Each individual’s average scores for ‘‘pain caused by accident’’ on the VAS ratings was correlated with parameter estimates of the contrast ‘‘pain caused by

A significance threshold of P < 0.005 (uncorrected) and

k > 10 was selected for these analyses. To reduce chances of false positives associated with the multitude of possible analyses, significant correlations were only interpreted if they were located in a priori defined regions of the pain matrix ( Derbyshire, 2000; Jackson et al., 2006a ). Parametric analyses were also performed to determine the regions whose activity varied with the eight CD youths’ mean number of aggression symptoms over assessments. Each individual’s mean number of aggressive symptoms, and mean score on each of the three CADS scores, negative emotionality, daring/sensation seeking and prosociality , as well as adolescents’ average for the sadism score were correlated with parameter estimates of the contrast PCO > PCA. A significance threshold of P < 0.005 (uncorrected) and k > 10 was selected for these analyses. Correlation analyses between participants’ HRF measures and their mean

accident’’ > Baseline.

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aggression and sadism scores on the CADS were not performed on the control sample, as, befitting the selection of these individuals as controls, there was no variation in their scores on these items (mean = 0, S.D. = 0).

3. Results

3.1. Post-scanning pain ratings

A repeated-measures ANOVA on the pain ratings indicated that both healthy adolescents and adolescents with CD rated the painful situations as depicting significantly greater pain ( F 1,14 = 98.9) P < 0.001) (PCA: 57 7, and PCO: 59 7 for healthy adolescents; PCA: 61 5 and PCO: 62 4 for adolescents with CD) than the neutral situations (APO: 27 8, and NPS: 0.4 0.2 for healthy adolescents; APO: 29 7 and NPS: 2 1 for adolescents with CD). There was not a significant difference between the PCO and the PCA conditions (P > 0.26).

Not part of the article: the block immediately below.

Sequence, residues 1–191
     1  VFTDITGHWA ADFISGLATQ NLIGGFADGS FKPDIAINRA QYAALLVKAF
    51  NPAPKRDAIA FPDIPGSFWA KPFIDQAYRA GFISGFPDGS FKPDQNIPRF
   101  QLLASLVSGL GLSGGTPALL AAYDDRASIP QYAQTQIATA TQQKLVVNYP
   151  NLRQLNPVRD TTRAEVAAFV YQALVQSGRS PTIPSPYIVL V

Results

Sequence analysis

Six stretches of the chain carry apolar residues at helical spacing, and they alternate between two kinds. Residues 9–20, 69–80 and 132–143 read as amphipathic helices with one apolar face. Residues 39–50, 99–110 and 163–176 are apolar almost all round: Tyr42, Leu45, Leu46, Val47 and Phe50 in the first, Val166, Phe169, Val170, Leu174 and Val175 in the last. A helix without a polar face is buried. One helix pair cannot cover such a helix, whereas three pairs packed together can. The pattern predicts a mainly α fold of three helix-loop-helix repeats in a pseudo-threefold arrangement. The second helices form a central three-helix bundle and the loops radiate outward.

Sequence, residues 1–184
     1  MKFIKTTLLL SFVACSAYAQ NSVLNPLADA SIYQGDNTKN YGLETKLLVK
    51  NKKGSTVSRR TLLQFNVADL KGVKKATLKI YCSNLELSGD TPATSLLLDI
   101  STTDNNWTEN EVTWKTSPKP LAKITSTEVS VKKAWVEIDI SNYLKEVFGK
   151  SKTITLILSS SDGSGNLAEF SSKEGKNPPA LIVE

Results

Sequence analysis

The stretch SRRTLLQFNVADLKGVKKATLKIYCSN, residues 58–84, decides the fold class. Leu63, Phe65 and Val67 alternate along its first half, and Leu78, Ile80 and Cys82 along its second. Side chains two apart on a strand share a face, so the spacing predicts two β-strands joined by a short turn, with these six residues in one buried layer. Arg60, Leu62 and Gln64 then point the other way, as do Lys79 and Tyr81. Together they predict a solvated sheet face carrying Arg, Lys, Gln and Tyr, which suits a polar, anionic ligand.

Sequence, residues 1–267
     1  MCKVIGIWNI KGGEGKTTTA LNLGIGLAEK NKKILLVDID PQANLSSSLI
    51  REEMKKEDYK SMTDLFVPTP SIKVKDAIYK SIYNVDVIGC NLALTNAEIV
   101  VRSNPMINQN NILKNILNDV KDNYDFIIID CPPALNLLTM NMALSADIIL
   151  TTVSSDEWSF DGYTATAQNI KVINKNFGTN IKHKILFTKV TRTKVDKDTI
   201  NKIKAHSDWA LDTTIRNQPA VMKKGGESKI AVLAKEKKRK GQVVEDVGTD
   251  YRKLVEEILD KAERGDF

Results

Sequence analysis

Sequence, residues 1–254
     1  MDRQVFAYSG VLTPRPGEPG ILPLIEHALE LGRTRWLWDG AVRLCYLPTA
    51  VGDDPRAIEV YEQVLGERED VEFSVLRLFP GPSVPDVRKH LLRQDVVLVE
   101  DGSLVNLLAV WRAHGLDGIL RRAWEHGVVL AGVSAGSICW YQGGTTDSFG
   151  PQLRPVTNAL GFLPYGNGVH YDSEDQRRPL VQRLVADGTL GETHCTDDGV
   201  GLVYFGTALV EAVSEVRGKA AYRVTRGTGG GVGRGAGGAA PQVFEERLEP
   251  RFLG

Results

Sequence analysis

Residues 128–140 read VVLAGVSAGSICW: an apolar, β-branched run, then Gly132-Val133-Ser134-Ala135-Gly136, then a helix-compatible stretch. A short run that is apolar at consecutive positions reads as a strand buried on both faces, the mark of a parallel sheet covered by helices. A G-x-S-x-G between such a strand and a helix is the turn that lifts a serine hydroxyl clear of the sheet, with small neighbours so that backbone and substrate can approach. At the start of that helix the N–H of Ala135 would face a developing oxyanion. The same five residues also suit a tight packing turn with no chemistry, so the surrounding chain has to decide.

3.2. Functional MRI results

When watching others in pain caused by accident (PCA) versus others in NPSs, the pain matrix (including the anterior insula, aMCC, somatosensory cortex, and PAG) was selectively activated in both groups (see Tables 1 and 2 ). In addition, in adolescents with

CD only, significant signal increase was detected bilaterally in the

amygdala, striatum, medial orbitofrontal cortex, and temporal pole. A two-sample t -test for this contrast (PCA > NPS) showed a significant group effect (CD vs. controls) in anterior midcingulate cortex, left amygdala, right caudate, and temporal pole bilaterally (see Table 3 ). Watching painful situations intentionally caused by another individual (PCO) versus pain caused by accident (PCA) was

associated with different patterns of activation in the CD and

the control groups. The anterior paracingulate cortex, lateral OFC,

right TPJ, the right amygdala, and superior frontal and medial prefrontal gyrus were activated in the control group. A different pattern of activation was observed in the CD group, which activated the left temporal pole, medial OFC and middle temporal gyrus and precuneus. Direct comparisons (two-sample t -tests) between the control and CD groups when viewing situations depicting an individual

Table 1 Brain regions showing significant activation ( P < 0.005, FDR corrected) in the control participants when they watched dynamic visual stimuli depicting painful situations caused by accident and painful situations intentionally caused by another individual.